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So, what is generative?
MUFF WIGGLER Forum Index -> Modular Synth General Discussion Goto page 1, 2  Next [all]
Author So, what is generative?
synkrotron
Did a search.

Raked up plenty of topics regarding "generative" in Your Tunes, of course, but I am not interesting in listening to examples, as enjoyable as they may be. I am more interesting in establishing some basic ground rules in order to gain some acceptance into the genre of "generative" stuff.

I am not thinking of Krell here, by the way. I simply can't get my head around Krell... I am to old and it is too difficult for me to comprehend.

My basic understanding of generative, from watching videos by peeps like Mylar Melodies and Patrick O'Brian is that you patch up, hit record, and come back ten minutes later and you have a new creation all ready to release upon the world.

I have been dabbling with that concept and have some "sort of" generative pieces of my own now, but I am wondering, what is deemed as "cheating," or "not in the spirit of the term generative?"

For instance, are sequencers considered to be a no-no? I have been experimenting with using my BSP by setting the probability on all three sections to 100 percent, thereby creating a rather random thing.

Is it considered bad form to create fade ins and outs AFTER the recording, or should a generative patch be created such that it starts and ends with "natural" fades?


Or does the sometimes usual phrase, "there are no rules" apply?


Modules wise, I think I have enough to create generative stuff, but that is not what I am asking about here, otherwise I would have posted this in the Eurorack section.


cheers

and thank you for your patience in this matter.

andy
cptnal
Love n kisses and all that, but I think you're getting it arse-about-tit. Just do what you do, and if you like it... thumbs up

There aren't really rules, but the general idea is the modular does most of the playing and the wiggler's input is minimal. So use sequencers, use random, use whatever. The most successful pieces will be the ones that surprise yourself.
synkrotron
cptnal wrote:
Love n kisses and all that, but I think you're getting it arse-about-tit. Just do what you do, and if you like it... thumbs up

There aren't really rules, but the general idea is the modular does most of the playing and the wiggler's input is minimal. So use sequencers, use random, use whatever. The most successful pieces will be the ones that surprise yourself.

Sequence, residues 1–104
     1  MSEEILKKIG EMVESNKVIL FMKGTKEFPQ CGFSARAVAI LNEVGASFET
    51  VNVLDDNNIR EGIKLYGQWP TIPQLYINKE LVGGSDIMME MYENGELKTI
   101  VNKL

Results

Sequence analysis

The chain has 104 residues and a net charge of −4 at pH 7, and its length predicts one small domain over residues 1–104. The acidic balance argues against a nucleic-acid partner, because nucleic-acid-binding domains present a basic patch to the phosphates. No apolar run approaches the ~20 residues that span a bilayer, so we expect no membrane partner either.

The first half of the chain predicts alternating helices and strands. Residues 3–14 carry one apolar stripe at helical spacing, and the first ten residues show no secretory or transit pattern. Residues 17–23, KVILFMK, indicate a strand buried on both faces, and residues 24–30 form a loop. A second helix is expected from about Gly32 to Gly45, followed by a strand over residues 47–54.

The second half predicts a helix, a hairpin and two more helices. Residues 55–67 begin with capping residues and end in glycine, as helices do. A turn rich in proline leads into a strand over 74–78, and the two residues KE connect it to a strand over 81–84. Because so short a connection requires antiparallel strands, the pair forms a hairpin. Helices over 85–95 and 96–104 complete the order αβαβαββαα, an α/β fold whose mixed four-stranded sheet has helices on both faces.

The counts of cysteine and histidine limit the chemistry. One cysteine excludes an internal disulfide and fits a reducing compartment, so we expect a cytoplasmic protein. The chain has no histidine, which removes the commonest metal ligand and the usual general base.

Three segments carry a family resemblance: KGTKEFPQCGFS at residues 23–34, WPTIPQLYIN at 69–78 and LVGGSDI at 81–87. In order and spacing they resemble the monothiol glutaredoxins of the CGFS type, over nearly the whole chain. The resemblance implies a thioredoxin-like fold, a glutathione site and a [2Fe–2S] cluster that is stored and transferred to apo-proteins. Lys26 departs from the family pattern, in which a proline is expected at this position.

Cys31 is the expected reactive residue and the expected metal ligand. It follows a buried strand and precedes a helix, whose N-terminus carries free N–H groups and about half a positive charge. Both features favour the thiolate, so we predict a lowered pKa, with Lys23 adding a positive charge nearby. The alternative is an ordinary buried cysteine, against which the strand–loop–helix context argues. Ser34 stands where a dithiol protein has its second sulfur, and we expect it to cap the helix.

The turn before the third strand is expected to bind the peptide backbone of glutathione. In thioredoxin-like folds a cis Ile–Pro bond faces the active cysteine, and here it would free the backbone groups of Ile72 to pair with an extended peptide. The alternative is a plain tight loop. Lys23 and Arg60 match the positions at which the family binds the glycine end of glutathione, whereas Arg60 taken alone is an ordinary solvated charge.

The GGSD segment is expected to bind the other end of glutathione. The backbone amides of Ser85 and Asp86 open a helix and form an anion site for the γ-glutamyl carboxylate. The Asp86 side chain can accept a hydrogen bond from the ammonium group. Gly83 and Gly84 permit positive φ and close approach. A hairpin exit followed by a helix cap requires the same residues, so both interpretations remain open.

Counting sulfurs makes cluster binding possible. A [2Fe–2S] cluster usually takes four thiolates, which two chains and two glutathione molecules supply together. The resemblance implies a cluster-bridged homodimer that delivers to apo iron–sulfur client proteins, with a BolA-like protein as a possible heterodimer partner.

Haha! Thanks hihi

So, yeah, I'm already on the right track then...

good to know Rockin' Banana!
wechard
Like most things cultural, you might find it more useful to approach this as history — looking at how different people have thought about related ideas in different times and places — rather than looking for fixed definitions.

IMO, the most consistent and useful version of this idea is the way Steve Reich approached it early in his career, when he tended to call it “process music.” The key idea there is that the composer’s activity involves setting up a mechanism or situation, but then the piece results from letting that process run itself without further intervention. You could include whatever elements or techniques you want in the initial system, as long as you don’t interfere further once you start it running. But like most simple ideas, there’s lots to quibble about in the details. For example, is it still process music in this sense if you run it for an hour but the final piece is picking the best 5 minutes and adding fades on either side? There’s no absolute answer...
cptnal
FWIW, it's the way I do things most of the time, but I don't call it "generative" - I call it "lazy". Mr. Green

Another point - some will use the terms "generative" and "ambient" interchangeably, which is wrong. You could have generative techno if you wanted, and ambient pieces that you play actively. The generative part is the probabilistic part, not necessarily what the music sounds like.
catchpenny
this website is a pretty great overview of the topic I think: https://teropa.info/loop/
cptnal
catchpenny wrote:
this website is a pretty great overview of the topic I think: https://teropa.info/loop/


Really cool! thumbs up

Reckon it would be a good idea to post this in one of the sticky threads.
Kent
sduck
And there's always this thread - https://www.muffwiggler.com/forum/viewtopic.php?t=31698
synkrotron
Kent wrote:


Yep, seen that one thanks, in fact I have watched it a number of times smile
synkrotron
sduck wrote:
And there's always this thread - https://www.muffwiggler.com/forum/viewtopic.php?t=31698


Thanks smile

I'll have a read through that.
Hovercraft
When you start thinking about definitions, things tend to break down quickly.

If I program a sequencer to play Mary Had a Little Lamb; obviously not
generative music.

If I program two sequencers to play Mary Had a Little Lamb slightly out of phase; generative music a la Steve Reich.

If I program a sequencer and modular to play my own composition at the press of a button; generative music if I make that claim.

I've seen people post videos of themselves clearly manipulating their modulars through the full piece, and post in a generative thread. Have also seen anything and everything posted as "Krell" patches. Don't think I'd worry too much about rules. In my subjective take, I generally look for the following elements in generative modular.

--No physical control by the artist once the piece has started.

--Some level of unexpectedness in the composition.

--The piece can never be precisely repeated a second time.
Dcramer